Covid-19 & Damage Control – Day 8, Thoughts About The Pandemic

Who Gets Critical Care when Resources are Scarce? 

Daily thoughts & numbers on the COVID-19 pandemic from a M.D. working in the front lines at the Emergency Department in a hospital in Stockholm, Sweden. 

There are no margins left.

We are at maximum capacity.

Weeks of preparation and mobilisation and we’re already at the brink.

Our ICUs have almost filled up.

Our emergency wards keep filling up but soon there will be no beds or respirators left at the ICU to move the critical Covid-19 patients to from our wards.

Most of my colleagues are exhausted after their shifts.

Many of my colleagues have called in sick, presumably infected with Covid-19.

A few of my colleagues are being treated in the ICU for their Covid-19 pneumonia, presumably with severe ARDS.

This is the closest Sweden has gotten to wartime medicine in modern times.

Our resources are almost depleted.

What comes next is damage control.

What comes next is also choosing who should get intensive care, not only who needs it.

What comes next is a kind of prioritization of resources most of us never been forced to do before (notwithstanding those who worked in certain areas outside of Sweden or in warzones).

To help guide clinicians, The National Board of Health and Welfare (Socialstyrelsen), has created ethical guidelines to help us decide who gets the finite resource of intensive care. *

The guidelines are titled:

National principles for prioritization in intensive care under extraordinary circumstances.

This is a time of extraordinary circumstances.

This is not a drill, it’s not a dream, and it’s not an April fools’ joke.

This is a global emergency.

This is happening right now, it’s happening to us, it’s happening to our jobs and financial systems, it’s happening to our loved ones, it’s happening to our health care workers – it’s happening to you.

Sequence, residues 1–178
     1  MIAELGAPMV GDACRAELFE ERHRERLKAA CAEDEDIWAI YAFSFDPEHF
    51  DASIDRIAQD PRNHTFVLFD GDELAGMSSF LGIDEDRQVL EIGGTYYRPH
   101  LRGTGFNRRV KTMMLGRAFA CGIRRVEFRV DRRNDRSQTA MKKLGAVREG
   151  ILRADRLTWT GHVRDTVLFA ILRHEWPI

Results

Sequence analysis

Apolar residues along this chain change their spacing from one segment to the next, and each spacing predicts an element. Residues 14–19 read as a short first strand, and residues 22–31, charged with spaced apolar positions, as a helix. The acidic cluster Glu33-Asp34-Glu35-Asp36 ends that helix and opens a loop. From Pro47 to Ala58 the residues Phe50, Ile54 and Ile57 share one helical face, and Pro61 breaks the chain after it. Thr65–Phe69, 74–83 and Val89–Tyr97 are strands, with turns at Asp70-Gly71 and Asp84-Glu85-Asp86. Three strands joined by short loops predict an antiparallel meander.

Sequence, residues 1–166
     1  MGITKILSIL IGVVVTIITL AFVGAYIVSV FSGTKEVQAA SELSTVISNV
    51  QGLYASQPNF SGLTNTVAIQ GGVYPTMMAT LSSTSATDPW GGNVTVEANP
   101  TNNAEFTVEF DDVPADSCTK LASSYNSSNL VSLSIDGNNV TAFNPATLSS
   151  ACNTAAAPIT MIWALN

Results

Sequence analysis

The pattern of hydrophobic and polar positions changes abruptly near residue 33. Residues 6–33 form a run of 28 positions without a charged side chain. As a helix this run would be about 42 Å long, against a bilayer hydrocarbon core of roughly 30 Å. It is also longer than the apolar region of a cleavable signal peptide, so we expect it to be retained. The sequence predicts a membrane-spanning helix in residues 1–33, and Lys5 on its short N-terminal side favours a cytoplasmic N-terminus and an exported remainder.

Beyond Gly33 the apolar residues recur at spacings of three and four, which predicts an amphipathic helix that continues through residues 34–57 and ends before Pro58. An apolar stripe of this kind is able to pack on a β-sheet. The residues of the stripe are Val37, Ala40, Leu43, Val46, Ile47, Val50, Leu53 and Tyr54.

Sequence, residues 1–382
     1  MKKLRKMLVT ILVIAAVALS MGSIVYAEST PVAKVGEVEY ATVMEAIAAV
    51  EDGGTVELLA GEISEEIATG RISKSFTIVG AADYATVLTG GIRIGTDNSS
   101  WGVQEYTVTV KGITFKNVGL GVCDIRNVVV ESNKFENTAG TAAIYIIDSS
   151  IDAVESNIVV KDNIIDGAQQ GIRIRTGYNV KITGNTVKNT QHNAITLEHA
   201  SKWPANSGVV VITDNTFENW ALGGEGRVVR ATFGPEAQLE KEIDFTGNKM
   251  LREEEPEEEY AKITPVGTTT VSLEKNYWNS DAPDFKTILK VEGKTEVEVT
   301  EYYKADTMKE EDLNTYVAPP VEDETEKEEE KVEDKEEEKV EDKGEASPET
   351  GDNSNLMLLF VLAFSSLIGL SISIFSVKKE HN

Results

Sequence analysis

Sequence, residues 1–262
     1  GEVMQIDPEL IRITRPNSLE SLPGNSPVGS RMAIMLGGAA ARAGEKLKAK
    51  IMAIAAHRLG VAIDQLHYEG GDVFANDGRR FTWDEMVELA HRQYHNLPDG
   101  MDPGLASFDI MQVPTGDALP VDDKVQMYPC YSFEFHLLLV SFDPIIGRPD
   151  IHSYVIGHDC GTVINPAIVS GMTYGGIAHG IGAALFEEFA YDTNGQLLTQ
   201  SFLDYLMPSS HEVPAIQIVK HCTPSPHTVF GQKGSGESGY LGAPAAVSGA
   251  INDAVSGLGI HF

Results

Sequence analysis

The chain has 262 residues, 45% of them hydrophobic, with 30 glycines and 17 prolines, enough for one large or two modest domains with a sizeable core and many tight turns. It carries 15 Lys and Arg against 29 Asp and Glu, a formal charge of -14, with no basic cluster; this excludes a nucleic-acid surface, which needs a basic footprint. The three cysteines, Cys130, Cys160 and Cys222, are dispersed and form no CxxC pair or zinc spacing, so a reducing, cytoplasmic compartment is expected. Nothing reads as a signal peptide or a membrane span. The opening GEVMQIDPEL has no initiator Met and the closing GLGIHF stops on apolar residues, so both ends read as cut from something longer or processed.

We are at the point of damage control and we must do all we can to mitigate that damage in the best way we can.

As emergency physicians this is no different from what we have always done, what we have trained for, only now it’s more critical and in a larger scale than it has ever been in our lifetime.

The state of play has changed and now we must change the state of play.

COVID-19 Numbers Sweden 2020-04-01 *

  • 239 deaths nationally
    • 148 of them in Stockholm
  • 4 947 confirmed cases nationally
    New confirmed cases daily in Sweden. 
    (Number of COVID-19 cases over time in Sweden, updates during mornings at 14:00 so todays numbers are not yet complete until the next day).
    New confirmed cases accumulated over time in Sweden. 
    (Number of COVID-19 cases over time in Sweden, updates during mornings at 14:00 so todays numbers are not yet complete until the next day).
  • Intensive care Sweden*
    • 402 COVID-19 confirmed patients treated in the ICU in total so far
    • 9,3 days from symptoms to ICU
    • 25,0 % women
      Total number of recorded of COVID-19 patients needing ICU care each week. From Week 10 it seems to more than triple each week, 5 →  24  → 130 → 413 → (501 this week up until now, however since it’s only weednesday this weeks numbers are yet incomplete)

COVID-19 Numbers Globally (updated today 2020-04-01 at 10:00 CET) *

  • 37 203 confirmed deaths
  • 783 360 confirmed cases
  • 205 countries, areas or territories with cases

Financial Times New Deaths in the Past Week Selected Countries (updated yesterday 2020-03-31 at 19:00 GMT) *


New Resources Added to ※ CTSOP

Image [SWE]: Number of COVID-19 Deaths in Sweden Daily in March *


That’s it until tomorrow, keep calm and stay safe!

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